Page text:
This page is all part of my effort to walk the 2021 LDWA 100.
Below is some wonderful advice from Mike, who is one of the most experienced 100ers, which is practical and informative. One thing has become clear to me in my planned attempt is that completing the event is, as Mike puts it, “a unique personal experience”. I’ll also be pleased to get Mike’s support on my attempt next year, as it’s the marshal’s walk that Nathan and I are going to have a go at completing.
As well as this interesting advice, Mike has also put together a suggested kit list.
So, in Mike’s words:
From 1991 to 2019 I entered 26 LDWA Hundreds. (In 2015 – 2016 I was suddenly hit with a series of illnesses, and it took me a while to recover and get the confidence to try again. I think my recovery was helped by having a target, and I have since completed the Cinque Ports 100 (hot) and Hadrian Hundred (not easy) I realise that in future I shall necessarily be one of the backmarkers, and that does not trouble me at all. I know many of the other people who will also be at the back and it is quite a nice friendly little community. Before each hundred, I draw up a “walk plan” on a simple spreadsheet which uses my estimated walking speed (variable) between CPs, time spent in checkpoints and breakfast. It also takes into account the difficulty of the terrain. I try to allow for really bad weather, the need to concentrate on navigation at night and for the occasional 30 minute nap at a checkpoint (rest works wonders) The walk plan is customised by experience. On the Hadrian Hundred, my estimate was 47 hours, and it took me 47.13.
In parallel with taking part in the actual event as walkers, my partner and I have been marshals at a number of 100 checkpoints. We also have graduated to supporting the 100 “Marshals’ Walk” – this is a wonderfully engaging task, which we look forward to enormously. I think that running a CP on the Marshals’ Walk is a real pleasure. A LDWA 100 is always interesting, but the Marshals’ Walk is an extraordinary event in its own right, and not just an afterthought to the main event. OK, so why does an average walker (like me) come back year after year?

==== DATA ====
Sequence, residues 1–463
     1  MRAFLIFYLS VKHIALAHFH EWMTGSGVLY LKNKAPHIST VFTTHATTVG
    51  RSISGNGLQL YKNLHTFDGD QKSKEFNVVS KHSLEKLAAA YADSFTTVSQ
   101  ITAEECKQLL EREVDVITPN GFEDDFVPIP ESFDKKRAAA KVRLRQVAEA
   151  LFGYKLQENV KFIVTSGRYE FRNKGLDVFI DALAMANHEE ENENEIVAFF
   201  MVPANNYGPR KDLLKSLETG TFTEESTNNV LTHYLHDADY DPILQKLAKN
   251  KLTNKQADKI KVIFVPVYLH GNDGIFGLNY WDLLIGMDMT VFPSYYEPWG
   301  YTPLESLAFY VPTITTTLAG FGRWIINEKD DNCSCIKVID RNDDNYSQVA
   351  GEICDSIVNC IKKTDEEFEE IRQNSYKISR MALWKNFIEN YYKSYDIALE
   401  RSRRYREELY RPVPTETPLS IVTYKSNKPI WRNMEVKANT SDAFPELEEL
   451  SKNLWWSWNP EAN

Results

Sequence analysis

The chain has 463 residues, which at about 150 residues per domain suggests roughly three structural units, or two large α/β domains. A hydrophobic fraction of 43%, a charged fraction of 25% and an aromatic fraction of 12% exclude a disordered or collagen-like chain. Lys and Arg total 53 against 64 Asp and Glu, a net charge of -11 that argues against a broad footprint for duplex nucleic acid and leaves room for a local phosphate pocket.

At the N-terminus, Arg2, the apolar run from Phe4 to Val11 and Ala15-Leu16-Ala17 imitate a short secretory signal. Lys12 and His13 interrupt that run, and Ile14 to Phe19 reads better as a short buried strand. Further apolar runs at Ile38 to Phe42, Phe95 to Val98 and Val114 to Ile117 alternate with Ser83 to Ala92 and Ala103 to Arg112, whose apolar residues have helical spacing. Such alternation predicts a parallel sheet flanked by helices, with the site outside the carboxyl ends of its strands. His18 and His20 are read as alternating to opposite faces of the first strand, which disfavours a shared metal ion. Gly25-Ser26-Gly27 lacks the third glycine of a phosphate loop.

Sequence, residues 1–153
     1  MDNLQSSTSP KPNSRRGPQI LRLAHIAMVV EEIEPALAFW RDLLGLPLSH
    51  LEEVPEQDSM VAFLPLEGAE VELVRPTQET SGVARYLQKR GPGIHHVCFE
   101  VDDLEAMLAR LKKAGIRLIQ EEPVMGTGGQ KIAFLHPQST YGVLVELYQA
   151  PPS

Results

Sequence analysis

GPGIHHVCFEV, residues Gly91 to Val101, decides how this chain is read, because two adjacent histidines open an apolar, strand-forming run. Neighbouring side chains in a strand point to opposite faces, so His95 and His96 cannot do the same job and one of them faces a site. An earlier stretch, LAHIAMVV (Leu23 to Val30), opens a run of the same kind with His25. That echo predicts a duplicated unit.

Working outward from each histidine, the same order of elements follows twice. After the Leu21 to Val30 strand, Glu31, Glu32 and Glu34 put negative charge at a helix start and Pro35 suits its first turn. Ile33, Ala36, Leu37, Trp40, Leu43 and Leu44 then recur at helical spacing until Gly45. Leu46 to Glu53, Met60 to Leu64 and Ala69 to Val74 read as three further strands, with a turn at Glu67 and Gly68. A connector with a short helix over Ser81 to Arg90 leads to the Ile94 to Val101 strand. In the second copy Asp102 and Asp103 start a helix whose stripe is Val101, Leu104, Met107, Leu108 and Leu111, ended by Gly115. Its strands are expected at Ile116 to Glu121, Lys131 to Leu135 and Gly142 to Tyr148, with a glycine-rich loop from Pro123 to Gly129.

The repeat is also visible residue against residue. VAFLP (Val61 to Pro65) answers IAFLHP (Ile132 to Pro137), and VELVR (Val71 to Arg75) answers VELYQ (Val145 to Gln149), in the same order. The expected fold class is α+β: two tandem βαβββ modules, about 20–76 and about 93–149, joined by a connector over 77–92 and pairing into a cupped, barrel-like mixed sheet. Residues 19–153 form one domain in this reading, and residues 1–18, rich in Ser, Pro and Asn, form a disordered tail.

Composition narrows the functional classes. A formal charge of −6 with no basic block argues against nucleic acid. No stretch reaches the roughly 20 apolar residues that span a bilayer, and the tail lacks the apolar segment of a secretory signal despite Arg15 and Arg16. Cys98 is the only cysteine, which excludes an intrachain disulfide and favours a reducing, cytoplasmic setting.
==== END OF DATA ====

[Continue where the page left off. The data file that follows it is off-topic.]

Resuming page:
It is sociable, life enhancing and interesting. Each Hundred is a unique personal experience. I like the non-competitive ethic. It is irrelevant what someone else can do, or even how I did last time. It is what my physical and mental resources allow on this particular event. It is best treated as an individual expedition. I don’t start full of confidence. By the time I have got to the breakfast point (If I get there and assuming that I have developed no serious physical problems) I begin to think I might be able to do it. Psychologically, it is the first 40 miles that I really struggle with. That is the bit I find hard. I try to concentrate on just getting to the breakfast stop. For me that is a target. Pack your breakfast bag carefully, and think what you are going to need. Don’t skimp on kit, particularly spare socks. Once I have washed, changed into clean dry clothes, and had breakfast, I know I will feel better. The next task is to leave the breakfast stop and keep walking. Don’t retire at the breakfast stop unless you have to. It gets easier after that point.
When I get to 70 miles, I tell myself it is just a long day’s walk to the finish.. I am encouraged by people who I may be walking with, by the support at checkpoints, and by my interest in the landscape. I also try to encourage and support other people. Finding a couple of walking companions for the second night is a good idea. Other people have different strengths, and a bit of team effort is really helpful when you are tired. I change socks often, particularly in wet conditions. We got through 10 pairs each on the very wet 1996 Yorkshire Dales Hundred. I don’t usually have trouble with blisters, but that is because I have experimented a lot and found out what works for me.
I love the unique quality of the route, and the fact that each one takes place somewhere in Britain that I may never ordinarily visit. (I never do a recce) You meet extraordinary people. The LDWA has a truly diverse membership. For 48 hours, I am completely out of my usual comfort zone. Other problems and issues of life are set aside. I concentrate on walking, navigation, getting to the next checkpoint and wondering what the food will be like there. Did someone say there would be scones? The support is wonderful. Walking through the night and out into the dawn is transformational. You cannot “buy” an experience like that, you have make it for yourself.
Each year, from February onwards, I start preparing physically and mentally. The effort is as much part of the event as the actual 100. Perhaps I should not invest so much emotional and physical energy in one event, but I do enjoy the training, and it gives me focus and a target. One day, I will get too old. I hope that I will realise that, and go out gracefully. Until then…